Tendon luxation of the outer ankle knuckle (peroneus luxation)

(Peroneus luxation)

The tendons surrounding the ankle joint are connected to the bones in several places by connective tissue strings (retinaculum). Two peroneus muscles are positioned behind the outer ankle knuckle, which are used to stabilise and flex the ankle joint.


  1. M. peroneus brevis
  2. M. peroneus longus
  3. Tendo calcaneus (Achillis)
  4. Bursa subcutanea malleoli lateralis
  5. Retinaculum mm. peroneorum inferius
  6. Vagina synovialis mm. peroneorum communis
  7. Retinaculum mm. peroneorum superius


Cause: Discomfort can be produced if a rupture of the connective tissue (retinaculum musculorum peroneorum superius & inferius) behind the outer ankle knuckle (malleolus lateralis) occurs. A rupture of the connective tissue (retinaculum) is relatively often combined with outer ligament injuries in the ankle joint.

Symptoms: Pain at the outer ankle knuckle (malleolus lateralis), where certain movements of the ankle joint can give rise to a painful sense of “slipping”.

Acute treatment: Click here.

Examination: When the painful movement of the ankle joint is performed, normal examination can detect the tendon slip over the outer ankle knuckle. A normal medical examination is usually sufficient in order
to make the diagnosis, however, if there is any doubt concerning the
diagnosis it can be made with certainty by use of ultrasound scanning while the ankle joint is in motion (dynamic ultrasound scanning). Ultrasound scanning will reveal whether there is bleeding in the acute stage. Inflammation of the tendon sheath can develop at a later stage.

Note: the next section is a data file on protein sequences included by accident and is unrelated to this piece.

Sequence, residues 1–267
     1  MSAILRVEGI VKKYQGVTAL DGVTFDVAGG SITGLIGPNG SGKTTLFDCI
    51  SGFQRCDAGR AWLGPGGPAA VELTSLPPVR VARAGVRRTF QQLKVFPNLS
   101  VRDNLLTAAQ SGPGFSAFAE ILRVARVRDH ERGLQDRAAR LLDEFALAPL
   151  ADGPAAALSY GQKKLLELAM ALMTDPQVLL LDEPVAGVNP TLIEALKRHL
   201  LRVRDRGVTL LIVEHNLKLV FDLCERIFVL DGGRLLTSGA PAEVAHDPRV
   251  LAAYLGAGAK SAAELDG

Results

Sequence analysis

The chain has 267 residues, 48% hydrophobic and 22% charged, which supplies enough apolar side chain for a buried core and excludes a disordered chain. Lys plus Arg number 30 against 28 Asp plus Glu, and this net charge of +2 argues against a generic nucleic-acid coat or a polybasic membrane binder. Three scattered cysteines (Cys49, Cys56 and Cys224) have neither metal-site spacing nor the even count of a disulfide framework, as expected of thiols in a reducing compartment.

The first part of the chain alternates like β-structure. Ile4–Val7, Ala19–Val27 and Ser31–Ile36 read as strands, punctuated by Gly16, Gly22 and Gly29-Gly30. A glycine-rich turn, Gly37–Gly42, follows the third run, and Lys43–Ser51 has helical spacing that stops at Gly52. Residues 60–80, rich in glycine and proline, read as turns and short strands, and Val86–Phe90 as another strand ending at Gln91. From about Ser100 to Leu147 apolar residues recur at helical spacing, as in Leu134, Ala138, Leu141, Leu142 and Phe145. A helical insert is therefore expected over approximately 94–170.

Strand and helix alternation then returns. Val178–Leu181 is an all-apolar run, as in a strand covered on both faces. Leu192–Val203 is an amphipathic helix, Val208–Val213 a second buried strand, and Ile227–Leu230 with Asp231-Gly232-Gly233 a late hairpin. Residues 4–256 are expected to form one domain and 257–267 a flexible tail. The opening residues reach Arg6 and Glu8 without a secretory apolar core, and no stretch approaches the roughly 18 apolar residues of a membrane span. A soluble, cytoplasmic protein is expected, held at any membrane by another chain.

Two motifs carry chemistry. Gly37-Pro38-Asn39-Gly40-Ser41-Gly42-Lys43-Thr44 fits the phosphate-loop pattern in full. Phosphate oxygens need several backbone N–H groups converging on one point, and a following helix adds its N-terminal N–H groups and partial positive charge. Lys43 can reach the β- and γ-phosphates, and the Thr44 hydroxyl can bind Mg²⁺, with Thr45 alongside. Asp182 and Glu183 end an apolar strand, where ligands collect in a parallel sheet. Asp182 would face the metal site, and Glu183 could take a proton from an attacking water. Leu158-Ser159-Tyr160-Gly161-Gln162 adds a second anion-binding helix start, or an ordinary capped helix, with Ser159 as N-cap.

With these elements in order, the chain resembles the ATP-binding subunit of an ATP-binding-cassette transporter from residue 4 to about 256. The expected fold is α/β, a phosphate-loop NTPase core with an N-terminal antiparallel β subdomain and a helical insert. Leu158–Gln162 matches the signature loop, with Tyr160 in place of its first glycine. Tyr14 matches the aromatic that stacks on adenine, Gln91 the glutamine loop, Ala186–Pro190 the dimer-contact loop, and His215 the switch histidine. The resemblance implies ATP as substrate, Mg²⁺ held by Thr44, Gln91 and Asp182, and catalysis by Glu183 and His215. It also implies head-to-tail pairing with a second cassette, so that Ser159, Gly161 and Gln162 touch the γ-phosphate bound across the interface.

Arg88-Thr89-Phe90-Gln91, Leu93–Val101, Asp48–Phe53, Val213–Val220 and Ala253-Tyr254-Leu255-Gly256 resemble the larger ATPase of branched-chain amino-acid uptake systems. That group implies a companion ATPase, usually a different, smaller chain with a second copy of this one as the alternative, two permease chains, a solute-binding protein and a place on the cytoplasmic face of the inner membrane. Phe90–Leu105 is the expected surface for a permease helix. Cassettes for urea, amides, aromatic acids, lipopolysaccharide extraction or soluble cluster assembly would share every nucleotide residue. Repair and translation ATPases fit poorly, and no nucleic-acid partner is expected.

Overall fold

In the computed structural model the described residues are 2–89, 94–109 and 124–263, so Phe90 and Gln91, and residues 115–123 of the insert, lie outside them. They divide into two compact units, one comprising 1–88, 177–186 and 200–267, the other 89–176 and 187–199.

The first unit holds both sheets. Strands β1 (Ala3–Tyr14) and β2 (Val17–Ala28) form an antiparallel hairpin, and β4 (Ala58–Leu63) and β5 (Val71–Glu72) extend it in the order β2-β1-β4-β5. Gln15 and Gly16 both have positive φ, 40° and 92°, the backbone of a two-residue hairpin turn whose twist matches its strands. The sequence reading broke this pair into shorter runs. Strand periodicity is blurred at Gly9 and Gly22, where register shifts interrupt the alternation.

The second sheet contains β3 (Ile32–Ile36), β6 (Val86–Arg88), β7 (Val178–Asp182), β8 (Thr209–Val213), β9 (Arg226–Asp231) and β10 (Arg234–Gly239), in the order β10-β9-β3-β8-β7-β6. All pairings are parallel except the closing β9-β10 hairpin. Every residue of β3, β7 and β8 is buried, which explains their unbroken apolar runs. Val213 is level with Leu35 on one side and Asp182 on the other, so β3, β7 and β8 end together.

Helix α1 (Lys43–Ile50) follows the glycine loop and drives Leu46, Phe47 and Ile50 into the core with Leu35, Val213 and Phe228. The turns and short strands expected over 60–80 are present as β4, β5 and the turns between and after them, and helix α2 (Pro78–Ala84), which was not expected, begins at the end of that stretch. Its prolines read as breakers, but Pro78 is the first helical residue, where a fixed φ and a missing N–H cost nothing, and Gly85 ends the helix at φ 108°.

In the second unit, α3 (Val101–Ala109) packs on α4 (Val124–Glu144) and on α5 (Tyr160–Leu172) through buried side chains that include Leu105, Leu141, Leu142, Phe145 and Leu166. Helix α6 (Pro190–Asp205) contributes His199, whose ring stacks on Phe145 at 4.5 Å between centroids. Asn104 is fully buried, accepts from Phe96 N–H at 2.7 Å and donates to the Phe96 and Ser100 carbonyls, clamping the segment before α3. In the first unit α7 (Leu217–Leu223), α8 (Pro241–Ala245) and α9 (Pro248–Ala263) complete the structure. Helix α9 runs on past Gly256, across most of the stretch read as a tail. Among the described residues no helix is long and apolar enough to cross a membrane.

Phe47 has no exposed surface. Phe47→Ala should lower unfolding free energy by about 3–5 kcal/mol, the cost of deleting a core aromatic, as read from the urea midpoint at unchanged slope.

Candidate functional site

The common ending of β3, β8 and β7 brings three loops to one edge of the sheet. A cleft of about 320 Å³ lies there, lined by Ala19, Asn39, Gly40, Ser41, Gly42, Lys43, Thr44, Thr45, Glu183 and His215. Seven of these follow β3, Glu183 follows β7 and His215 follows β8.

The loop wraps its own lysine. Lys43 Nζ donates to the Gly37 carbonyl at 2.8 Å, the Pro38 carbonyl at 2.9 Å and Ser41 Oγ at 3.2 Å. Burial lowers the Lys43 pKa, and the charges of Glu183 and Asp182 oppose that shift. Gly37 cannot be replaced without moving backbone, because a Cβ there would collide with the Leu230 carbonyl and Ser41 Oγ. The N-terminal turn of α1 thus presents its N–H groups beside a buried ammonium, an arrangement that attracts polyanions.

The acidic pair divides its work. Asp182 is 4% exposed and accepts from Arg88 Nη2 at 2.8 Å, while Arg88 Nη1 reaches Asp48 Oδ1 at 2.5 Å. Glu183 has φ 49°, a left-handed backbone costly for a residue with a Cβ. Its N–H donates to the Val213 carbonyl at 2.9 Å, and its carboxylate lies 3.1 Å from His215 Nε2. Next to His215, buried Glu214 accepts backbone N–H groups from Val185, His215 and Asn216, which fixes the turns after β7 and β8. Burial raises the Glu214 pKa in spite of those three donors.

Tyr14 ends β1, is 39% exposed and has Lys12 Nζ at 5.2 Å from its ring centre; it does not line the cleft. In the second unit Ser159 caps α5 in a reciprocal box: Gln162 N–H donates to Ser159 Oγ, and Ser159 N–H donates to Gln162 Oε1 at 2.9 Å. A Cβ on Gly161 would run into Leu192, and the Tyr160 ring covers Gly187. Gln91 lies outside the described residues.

Treatment: Treatment is primarily concentrated on providing rest from the painful activities (running). If steady progress from rest and rehabilitation is not achieved, and ultrasound scanning reveals inflammation of the tendon sheath, the treatment can be supplemented by medicinal treatment in the form of rheumatic medicine (NSAID) Alternatively, draining and evaluating fluid can be performed, and injection of corticosteroid into the tendon sheath. Injection into the tendon sheath is best performed if ultrasound guided. Surgical intervention can be attempted in certain cases, if resting, rehabilitation and medicinal treatment do not provide the desired result (article).

Complications: If there is not a steady improvement in the condition consideration must be given as to whether the diagnosis is correct, or if complications have arisen:

Possibly supplement with further examinations (x-ray, ultrasound scanning).